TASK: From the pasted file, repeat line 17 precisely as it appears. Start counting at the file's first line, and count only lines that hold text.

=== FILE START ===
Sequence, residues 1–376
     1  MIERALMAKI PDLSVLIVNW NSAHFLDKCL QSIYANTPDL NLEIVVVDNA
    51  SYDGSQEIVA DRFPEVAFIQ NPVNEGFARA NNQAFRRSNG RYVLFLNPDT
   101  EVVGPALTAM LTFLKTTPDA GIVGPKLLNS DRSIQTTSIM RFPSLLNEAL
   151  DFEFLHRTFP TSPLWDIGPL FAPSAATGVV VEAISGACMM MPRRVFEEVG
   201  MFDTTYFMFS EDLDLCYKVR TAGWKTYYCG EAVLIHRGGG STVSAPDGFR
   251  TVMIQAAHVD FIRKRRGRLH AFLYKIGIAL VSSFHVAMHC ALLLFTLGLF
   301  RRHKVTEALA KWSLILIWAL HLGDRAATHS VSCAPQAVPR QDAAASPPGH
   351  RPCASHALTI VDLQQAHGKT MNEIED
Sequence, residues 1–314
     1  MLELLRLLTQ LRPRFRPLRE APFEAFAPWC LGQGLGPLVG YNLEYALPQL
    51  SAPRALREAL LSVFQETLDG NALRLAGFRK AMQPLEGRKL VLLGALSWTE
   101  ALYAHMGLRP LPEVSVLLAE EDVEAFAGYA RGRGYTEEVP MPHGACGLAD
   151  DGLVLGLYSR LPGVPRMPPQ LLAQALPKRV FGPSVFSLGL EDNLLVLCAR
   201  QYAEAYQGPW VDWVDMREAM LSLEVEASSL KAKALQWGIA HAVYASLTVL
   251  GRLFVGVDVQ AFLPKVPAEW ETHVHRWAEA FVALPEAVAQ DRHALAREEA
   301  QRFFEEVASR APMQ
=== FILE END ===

   301  QRFFEEVASR APMQ